The promulgation of the HMG allows federal agencies to collect and test hair specimens in their workplace drug testing programs. The collection process
provides that the specimen will be collected by a trained collector under direct observation. The HMG collection procedure requires that a single hair specimen be obtained from the donor’s head and divided into two specimens (A and B). The collector places the A and B specimens into separate specimen collection containers. Unlike the Mandatory Guidelines for Federal Workplace Drug Testing Programs using Urine (UrMG), the HMG do not allow Instrumented Initial Test Facilities (IITFs), primarily because of the limited amount of hair collected from the donor. The Department is proposing that an alternate authorized drug testing specimen be collected (i.e., simultaneously collected or collected and tested at the direction of the MRO after verification of a positive hair test
result). As described in greater detail below, this two-test approach is intended to protect federal workers from issues that have been identified as
limitations of hair testing, and related legal deficiencies identified in Jones v. City of Boston, 845 F.3d 28 (1st Cir. 2016) and Thompson v. Civil Service
Com’n, 90 Mass.App.Ct. 462 (Oct. 7, 2016). Both cases indicate that an employment action taken on the basis of a positive hair test alone, without other
corroborating evidence, may be vulnerable to legal challenge. The Department is specifically requesting comments, including support from
recent peer-reviewed scientific literature, on advances in the science of hair testing that adequately address these limitations and elucidate the
extent to which hair color, external contamination and other factors (e.g., hair treatments, hygiene) will affect hair tests and the interpretation of hair drug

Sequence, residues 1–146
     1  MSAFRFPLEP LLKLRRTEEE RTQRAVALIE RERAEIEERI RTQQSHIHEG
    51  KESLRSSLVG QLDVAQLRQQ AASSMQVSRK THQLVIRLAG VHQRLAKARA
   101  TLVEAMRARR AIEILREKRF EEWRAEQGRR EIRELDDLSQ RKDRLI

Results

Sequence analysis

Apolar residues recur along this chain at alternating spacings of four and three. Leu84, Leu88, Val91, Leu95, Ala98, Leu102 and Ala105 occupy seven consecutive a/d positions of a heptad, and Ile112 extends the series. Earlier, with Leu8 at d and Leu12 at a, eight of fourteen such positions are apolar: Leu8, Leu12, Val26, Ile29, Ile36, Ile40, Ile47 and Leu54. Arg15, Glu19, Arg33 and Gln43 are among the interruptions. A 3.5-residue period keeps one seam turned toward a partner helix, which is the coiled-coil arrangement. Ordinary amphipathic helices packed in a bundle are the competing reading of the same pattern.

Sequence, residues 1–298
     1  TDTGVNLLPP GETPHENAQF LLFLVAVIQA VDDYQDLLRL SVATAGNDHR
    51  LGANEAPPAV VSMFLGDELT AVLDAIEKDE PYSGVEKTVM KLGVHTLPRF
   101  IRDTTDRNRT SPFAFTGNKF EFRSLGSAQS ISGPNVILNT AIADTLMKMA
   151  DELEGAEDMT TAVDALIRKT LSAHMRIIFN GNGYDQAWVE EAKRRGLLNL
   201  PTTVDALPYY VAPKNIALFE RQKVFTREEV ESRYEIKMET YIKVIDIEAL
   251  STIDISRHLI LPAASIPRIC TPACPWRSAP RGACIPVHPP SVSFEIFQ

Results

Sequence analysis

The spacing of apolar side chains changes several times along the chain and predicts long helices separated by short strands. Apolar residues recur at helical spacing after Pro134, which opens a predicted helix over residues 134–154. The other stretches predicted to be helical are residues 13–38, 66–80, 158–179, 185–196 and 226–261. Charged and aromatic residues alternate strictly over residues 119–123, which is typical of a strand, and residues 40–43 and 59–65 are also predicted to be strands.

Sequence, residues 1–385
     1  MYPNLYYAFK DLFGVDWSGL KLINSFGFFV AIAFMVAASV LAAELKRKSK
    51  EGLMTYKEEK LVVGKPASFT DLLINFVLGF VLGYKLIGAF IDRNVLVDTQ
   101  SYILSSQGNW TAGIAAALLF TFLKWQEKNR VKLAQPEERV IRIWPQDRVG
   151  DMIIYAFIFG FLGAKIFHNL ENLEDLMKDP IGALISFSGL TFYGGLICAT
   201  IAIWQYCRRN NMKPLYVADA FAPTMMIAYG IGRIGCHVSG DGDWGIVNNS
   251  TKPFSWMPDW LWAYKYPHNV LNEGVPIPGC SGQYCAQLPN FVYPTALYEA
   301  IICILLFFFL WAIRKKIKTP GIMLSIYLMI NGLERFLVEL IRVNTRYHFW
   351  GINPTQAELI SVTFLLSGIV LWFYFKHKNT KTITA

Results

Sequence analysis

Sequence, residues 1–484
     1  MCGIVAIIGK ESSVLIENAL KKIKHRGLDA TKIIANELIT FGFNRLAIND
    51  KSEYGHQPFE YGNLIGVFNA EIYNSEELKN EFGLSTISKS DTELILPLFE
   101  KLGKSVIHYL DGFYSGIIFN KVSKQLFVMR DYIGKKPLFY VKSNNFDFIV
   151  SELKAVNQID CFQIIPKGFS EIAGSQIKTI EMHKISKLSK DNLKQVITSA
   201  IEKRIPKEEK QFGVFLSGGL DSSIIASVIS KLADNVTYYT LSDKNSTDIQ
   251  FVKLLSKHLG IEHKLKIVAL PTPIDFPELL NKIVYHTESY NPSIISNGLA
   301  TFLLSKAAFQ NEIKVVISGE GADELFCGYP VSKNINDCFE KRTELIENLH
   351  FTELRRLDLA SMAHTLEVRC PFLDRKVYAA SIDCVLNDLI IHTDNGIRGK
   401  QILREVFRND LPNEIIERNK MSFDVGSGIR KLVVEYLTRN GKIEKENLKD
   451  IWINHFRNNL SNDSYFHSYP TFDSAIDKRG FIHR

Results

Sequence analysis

The Department will continue to monitor the science of hair testing and will carefully review peer reviewed literature and other valid
scientific information submitted by federal agencies and the public for scientific support of hair testing. Based on this evaluation, the Department will
decide whether performance standards can be established to mitigate identified limitations and obviate the requirement to collect an alternate authorized
specimen. The Department is also soliciting public comment on the potential added burden to federal agencies and specimen donors should
an alternate specimen be necessary. As noted under Executive Orders 13563 and 12866 in the Regulatory Impact and Notices section of this Notice, the
Department does not find these proposed mandatory guidelines to be a significant burden for federal agencies or incur a significant cost. In addition,
a federal agency is not required to adopt hair testing in their Drug-free Workplace Programs. However, comments provided by the public on the subject of potential added burden could be useful to federal agencies deciding whether to test hair in addition to other specimen types in their federal workplace drug testing programs. In addition, the Department is specifically requesting comments, including support from the recent scientific literature, on whether hair
tests that are positive for the marijuana analyte, delta-9-tetrahydrocannabinol-9-carboxylic acid (THCA), should be excluded from the requirement to test
an alternate authorized specimen (i.e., MROs would report verified positive THCA hair results to the federal agency).